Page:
Wednesday, October 22, 2008

Cat Roasts a Chicken

Look Ma, I'm all domestic-like!

Not really though. I had my first experience with dead animal skin two Thanksgivings ago, when I (foolishly) agreed to brine the 20-lb turkey for my Mom's T-day supper. It was slimy. And disgusting. Do you know how hard it is to lower a 20-lb turkey slowly into a bucket of brine? My kitchen floor knows.

So, this time, I started small - 5lb little sucker. Got it at my fave orchard (yes, chickens too!) and it still had feathers on it when I got it out of the packaging. Gross. I also had to chop the neck off (after a call to Mom...we had a 'what would Julia do?' moment) Here's what it looked like:

So, I dealt with the sliminess and got through the cutting off of the neck (ew) and buttered the little sucker and stuck him in the oven.

Leroy is not impressed by my culinary skills.

And it turned out great in the end actually! I do have to work on my timing, because the potatoes were cold and I forgot all about the corn. Oh well. Yay for chicken!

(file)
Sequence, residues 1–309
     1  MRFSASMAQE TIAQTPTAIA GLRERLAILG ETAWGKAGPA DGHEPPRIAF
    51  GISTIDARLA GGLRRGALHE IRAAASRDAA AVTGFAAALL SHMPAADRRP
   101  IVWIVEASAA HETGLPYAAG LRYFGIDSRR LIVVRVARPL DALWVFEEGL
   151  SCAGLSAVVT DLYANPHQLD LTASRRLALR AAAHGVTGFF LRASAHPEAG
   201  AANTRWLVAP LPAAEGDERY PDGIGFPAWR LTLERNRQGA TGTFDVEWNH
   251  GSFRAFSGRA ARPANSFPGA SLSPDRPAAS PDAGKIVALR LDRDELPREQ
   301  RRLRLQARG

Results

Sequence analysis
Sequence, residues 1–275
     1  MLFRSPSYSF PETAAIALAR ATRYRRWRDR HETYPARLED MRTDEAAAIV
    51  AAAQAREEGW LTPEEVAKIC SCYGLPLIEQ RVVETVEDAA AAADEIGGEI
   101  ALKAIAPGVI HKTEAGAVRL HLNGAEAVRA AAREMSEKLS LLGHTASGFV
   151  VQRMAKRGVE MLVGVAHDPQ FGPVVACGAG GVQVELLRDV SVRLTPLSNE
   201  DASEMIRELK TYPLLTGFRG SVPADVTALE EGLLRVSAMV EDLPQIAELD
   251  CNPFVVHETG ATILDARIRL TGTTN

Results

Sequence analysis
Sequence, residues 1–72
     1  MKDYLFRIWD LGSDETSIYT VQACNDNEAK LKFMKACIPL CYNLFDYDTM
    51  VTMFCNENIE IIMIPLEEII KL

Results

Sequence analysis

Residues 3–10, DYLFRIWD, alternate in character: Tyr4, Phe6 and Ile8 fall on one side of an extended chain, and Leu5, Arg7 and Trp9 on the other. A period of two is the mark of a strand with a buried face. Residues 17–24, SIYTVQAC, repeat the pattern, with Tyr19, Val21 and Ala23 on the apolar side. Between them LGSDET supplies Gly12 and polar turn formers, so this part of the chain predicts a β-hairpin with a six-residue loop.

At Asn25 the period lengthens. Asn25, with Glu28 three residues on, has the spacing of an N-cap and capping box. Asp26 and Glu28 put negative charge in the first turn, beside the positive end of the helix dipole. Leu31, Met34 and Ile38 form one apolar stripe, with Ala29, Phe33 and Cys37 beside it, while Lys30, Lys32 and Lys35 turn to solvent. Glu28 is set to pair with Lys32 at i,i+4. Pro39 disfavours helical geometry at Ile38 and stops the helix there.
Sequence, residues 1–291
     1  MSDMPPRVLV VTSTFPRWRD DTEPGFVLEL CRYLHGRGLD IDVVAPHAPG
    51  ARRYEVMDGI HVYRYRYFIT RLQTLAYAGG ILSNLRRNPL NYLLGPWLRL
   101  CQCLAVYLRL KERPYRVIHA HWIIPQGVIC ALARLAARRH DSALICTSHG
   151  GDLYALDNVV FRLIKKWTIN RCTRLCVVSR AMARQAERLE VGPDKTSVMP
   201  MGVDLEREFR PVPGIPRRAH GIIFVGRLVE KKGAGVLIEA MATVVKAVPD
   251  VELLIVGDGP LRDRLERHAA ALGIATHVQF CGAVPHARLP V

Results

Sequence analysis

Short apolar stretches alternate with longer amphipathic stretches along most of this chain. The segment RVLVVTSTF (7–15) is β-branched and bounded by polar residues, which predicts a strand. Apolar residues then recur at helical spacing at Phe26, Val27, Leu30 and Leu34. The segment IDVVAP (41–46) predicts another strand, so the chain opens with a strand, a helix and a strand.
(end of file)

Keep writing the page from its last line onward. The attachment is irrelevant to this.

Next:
Here's the recipe I used:

Roast Chicken, courtesy Julia Child via
1 (3 1/2 to 4 pound) chicken
1 small yellow onion, quartered
1 lemon, thinly sliced
1/2 cup celery leaves (not a fan of celery, so didn't use this)
Salt and black pepper
1 small onion, chopped
1 carrot, chopped
1/2 teaspoon dried thyme
2 cups chicken broth
Preheat oven to 425 degrees F.

Wash the chicken in hot water and dry thoroughly. Season the cavity with salt and black pepper and stuff with the onion, lemon, and celery leaves. Rub the chicken lightly with softened butter and season all over with salt and pepper. Tie the drumsticks ends together and set the chicken, breast side up, in an oiled v-shaped rack or on an oiled roasting pan in the oven.

Roast for 15 minutes at 425 degrees F, then reduce the heat to 350 degrees, baste the chicken, and roast for 15 minutes. Add the chopped onion and carrot to the pan, basting them and the chicken. Continue roasting the chicken until the juices run clear, for a total of 45 minutes plus an additional 7 minutes for each pound. (In other words, a 3 1/2 pound chicken would take a basic 45 minutes plus an additional 25 minutes, for a total 70 minutes or 1 hour and 10 minutes of cooking time.)

Remove the chicken and spoon the fat out of the roasting pan. Into the pan, stir in the herbs and blend in the broth and, stirring constantly, boil for several minutes on the stovetop to concentrate the flavor. Correct the seasoning and strain the sauce into a warm sauceboat. Carve the chicken and serve with the warm sauce.

oh yeah, here's the sauce and the giant mutant carrot that hubs got at the farmer's market this morning:

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